• Put yourself on a schedule: Establish a daily routine; it is especially good if you are restless or don’t know what to do next.
  • Convert hopelessness into helpfulness: There is someone out there that you can call on and let them know that “I am here for you and want to help.” For instance, the blood supply is low now so if you are healthy think of donating blood.
  • Get a Natural High: Open the curtains, or door or take a walk outside. The combination of vitamin D, fresh air and exercise does a lot to help pep you up.
  • Limit your sugar and high fatty food intake: Start monitoring what you eat. Try to manage the tendency to overindulge by prepping your meals and eating at regular times at a table rather than in front of the TV, phone or iPad. Adjust your food intake if your activity level is lower than normal.
  • Reward yourself: This is a great time to set achievable goals, track your progress and celebrate your successes. When you make of point of completing things you set out to do, you are climbing that wonderful ladder of self-esteem.
  • Be your hobby: What better time to (re)find a craft, hobby or skill. This will help you feel less boxed-in and give you a sense of accomplishment.
  • Be active indoors: Especially when the weather is not the greatest, try embracing indoor exercise. There are many free workout videos being offered online. Kids love to participate, and it helps burn off excess energy.
  • Learn new skills: Turn off the news, your social media and sitcom reruns. Here is your opportunity to learn something new and challenge yourself. The internet is a treasure trove of learning material.
  • Reach Out: If you can’t be near your loved ones, call/text/Skype/Facebook to find out how they are doing. You will both feel better!
  • Remember to celebrate milestones: Even if you must Skype or Facetime with family and friends, don’t forget to celebrate milestones like birthdays, anniversaries, etc. Plan a theme. When we get our brain cells going, the four walls won’t feel like they are closing in on us.
    • See my Blog “Coping with COVID-19” and other Blogs on practical mindfulness, as well as my resources page.

Be positive! Problems can also be opportunities! Consider that, however bad it may get, metaphorically, this is the world’s method of resetting itself. We will have cleaner air and water, less traffic accidents, more time to develop new skills, and more to time enjoy our loved ones. Now let us try to reset our own personal priorities and habits. This means putting more effort into our own health and interactions with the people we live with and love. Mankind has survived many pandemics and other calamities in the past and we will do so again.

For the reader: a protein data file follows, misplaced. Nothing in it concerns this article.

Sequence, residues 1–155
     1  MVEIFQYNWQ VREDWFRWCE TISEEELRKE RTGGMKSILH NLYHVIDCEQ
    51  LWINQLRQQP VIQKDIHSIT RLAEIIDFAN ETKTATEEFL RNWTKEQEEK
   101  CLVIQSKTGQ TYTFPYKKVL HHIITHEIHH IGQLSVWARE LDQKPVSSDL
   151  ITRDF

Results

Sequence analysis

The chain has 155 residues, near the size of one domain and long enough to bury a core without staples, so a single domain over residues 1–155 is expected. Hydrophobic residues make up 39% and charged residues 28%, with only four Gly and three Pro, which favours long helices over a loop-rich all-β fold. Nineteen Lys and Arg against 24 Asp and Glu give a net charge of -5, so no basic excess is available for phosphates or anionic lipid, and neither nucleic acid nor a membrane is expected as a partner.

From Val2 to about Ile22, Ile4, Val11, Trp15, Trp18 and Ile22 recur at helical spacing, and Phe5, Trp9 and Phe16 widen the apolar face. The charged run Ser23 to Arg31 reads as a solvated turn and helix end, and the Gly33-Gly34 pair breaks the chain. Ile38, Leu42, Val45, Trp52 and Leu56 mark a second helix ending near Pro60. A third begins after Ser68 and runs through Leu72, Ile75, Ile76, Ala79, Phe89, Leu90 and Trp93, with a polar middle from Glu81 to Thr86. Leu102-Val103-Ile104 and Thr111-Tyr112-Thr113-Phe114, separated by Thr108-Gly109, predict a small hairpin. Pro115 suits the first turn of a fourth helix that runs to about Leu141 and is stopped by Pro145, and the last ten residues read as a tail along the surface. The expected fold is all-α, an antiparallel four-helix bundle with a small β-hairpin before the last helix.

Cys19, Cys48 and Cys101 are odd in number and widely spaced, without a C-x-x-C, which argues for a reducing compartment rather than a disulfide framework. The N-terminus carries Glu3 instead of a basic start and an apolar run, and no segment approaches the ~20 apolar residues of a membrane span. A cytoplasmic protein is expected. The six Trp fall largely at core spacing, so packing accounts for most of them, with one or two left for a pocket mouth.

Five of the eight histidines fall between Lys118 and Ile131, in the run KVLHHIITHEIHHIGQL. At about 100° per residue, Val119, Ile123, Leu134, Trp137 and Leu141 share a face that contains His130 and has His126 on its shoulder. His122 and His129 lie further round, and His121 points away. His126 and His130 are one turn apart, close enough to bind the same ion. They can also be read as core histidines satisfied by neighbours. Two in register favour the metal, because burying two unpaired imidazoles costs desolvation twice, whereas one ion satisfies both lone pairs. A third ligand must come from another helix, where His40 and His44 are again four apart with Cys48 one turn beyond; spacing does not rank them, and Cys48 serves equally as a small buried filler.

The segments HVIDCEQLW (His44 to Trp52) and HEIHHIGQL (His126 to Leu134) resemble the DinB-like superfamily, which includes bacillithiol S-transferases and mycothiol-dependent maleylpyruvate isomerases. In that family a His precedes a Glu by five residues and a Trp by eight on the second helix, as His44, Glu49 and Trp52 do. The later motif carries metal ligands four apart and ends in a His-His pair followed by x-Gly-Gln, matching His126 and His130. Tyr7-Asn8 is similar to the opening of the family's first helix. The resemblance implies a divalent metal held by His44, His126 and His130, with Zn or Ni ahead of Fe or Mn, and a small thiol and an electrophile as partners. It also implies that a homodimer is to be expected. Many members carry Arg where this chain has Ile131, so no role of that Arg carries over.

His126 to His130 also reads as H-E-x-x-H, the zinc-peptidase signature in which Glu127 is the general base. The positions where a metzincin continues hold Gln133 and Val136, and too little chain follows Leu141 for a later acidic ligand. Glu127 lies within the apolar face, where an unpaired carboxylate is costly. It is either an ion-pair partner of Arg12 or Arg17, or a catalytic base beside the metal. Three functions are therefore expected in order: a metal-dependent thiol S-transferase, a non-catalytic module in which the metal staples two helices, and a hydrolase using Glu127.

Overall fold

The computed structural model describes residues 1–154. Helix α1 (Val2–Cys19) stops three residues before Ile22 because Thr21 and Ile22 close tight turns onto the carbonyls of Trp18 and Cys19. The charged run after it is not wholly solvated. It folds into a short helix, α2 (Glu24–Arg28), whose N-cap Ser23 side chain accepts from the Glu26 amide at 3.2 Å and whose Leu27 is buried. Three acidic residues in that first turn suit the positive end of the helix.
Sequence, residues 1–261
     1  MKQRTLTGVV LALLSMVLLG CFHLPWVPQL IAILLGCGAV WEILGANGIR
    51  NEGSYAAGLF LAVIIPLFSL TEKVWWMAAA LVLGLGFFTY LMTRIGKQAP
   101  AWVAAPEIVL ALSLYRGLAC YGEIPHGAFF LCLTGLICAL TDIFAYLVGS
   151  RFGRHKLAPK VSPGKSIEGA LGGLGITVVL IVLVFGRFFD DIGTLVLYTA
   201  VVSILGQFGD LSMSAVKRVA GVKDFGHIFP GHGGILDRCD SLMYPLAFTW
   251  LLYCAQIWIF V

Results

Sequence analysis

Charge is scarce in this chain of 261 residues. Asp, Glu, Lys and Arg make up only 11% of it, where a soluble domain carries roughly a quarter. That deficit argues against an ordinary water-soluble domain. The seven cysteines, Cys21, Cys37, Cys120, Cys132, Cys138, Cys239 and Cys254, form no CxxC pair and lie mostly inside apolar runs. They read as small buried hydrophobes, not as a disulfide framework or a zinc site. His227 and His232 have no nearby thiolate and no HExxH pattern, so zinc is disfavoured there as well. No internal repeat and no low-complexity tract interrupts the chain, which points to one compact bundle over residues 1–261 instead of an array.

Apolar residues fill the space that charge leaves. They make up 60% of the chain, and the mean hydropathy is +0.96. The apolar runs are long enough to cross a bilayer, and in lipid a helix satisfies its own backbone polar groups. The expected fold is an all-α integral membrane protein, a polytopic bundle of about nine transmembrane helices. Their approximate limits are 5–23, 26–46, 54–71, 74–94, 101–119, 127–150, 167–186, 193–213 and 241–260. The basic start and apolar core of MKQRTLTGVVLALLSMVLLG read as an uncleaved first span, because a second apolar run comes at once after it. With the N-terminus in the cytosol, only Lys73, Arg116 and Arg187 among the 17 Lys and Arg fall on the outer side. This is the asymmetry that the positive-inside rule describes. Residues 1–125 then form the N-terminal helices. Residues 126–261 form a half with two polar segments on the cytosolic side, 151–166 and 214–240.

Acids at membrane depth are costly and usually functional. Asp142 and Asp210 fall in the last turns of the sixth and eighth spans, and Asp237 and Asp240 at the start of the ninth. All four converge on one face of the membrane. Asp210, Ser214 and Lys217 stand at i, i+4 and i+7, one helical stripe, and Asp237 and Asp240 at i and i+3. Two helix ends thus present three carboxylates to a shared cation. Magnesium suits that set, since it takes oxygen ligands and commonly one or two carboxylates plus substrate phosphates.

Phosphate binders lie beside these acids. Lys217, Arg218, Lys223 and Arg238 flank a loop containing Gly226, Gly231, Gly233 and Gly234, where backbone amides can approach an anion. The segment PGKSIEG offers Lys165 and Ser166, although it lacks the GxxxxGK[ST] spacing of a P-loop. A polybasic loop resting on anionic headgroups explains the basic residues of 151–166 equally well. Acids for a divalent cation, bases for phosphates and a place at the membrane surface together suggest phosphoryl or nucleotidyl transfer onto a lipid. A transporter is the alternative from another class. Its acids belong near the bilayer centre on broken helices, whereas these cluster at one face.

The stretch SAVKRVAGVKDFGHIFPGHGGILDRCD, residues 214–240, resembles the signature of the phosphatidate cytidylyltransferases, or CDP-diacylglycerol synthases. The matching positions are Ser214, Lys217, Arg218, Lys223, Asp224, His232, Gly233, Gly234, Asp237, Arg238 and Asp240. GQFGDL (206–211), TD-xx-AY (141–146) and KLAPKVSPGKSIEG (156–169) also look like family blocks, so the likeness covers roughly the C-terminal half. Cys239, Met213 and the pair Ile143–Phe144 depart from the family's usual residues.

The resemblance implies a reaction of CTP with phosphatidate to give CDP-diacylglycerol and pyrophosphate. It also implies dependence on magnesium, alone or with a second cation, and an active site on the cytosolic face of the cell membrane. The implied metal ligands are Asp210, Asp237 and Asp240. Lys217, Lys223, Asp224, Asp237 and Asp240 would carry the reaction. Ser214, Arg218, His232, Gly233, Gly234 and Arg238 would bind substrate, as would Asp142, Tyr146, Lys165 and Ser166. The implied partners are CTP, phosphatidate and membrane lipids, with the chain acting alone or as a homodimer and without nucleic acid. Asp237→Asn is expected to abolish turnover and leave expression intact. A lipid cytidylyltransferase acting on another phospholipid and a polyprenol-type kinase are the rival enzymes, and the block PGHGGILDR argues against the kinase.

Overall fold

We are all in this together and can all do our part to make this a better world.

Arlene Unger, PhD is a Dana Point CA based Clinical Psychologist in private practice. Her approach is using Cognitive Behavioral Therapy along with Mindfulness an Acceptance Commitment Therapy. She is the author of numerous articles (www.drarleneunger.com) on the practical application of mindfulness.

She now concentrates her practice on Telehealth. She works with numerous platforms including Telemynde, Betterhelp and Talkspace and accepts most forms of insurance. Dr Unger has 20 years’ experience with Telehealth as an early adopter and has lectured on the topic.

Coping with COVID-19

Note: Dr Unger is now offering Phone or Video sessions instead of office visits. Dr Unger has been using phone or secure video (i.e. telehealth) for therapeutic sessions since 2001. Contact her through your normal channels if you are an existing client to get instructions to set up phone or video options.  California residents only please.

Are You Overly Anxious?

If you have a history of anxiety, specifically around health issues this article is for you. Of’ course exercise, yoga and meditation through apps can help but, with all the dreadful news and social media posts surrounding coronavirus, we need to put some things into perspective and find ways to come together emotionally.

“Social Distancing” is Really Physical Distancing

It is totally normal to have some fear response to COVID-19 since it has been declared a global pandemic and humans have neither “herd knowledge” nor “herd immunity” since it is a new virus. When we are confronted with an unknown threat like this our initial response is to be fearful.

Some fear (or “concern”) is rational if the threat is real. However, turning our fear irrationally into willful ignorance, xenophobia, hoarding, or panic solves no problems. In fact, it creates more problems for the community than it solves. For example, face masks are in short supply for health workers because of panic buying by the public.

The internet is wonderful; the internet is terrible! While the internet can be a wonderful source of factual information, it can also contribute to fear and panic because there is both innocent as well as intentional spreading of incorrect or malicious information, as well as people trying to profit off of the fear and panic.

Check your sources! Only trust news outlets known for objective reporting. Do not trust social media unless you know the source is objective and not politically motivated! Avoid extremist and conspiracy theory based sources!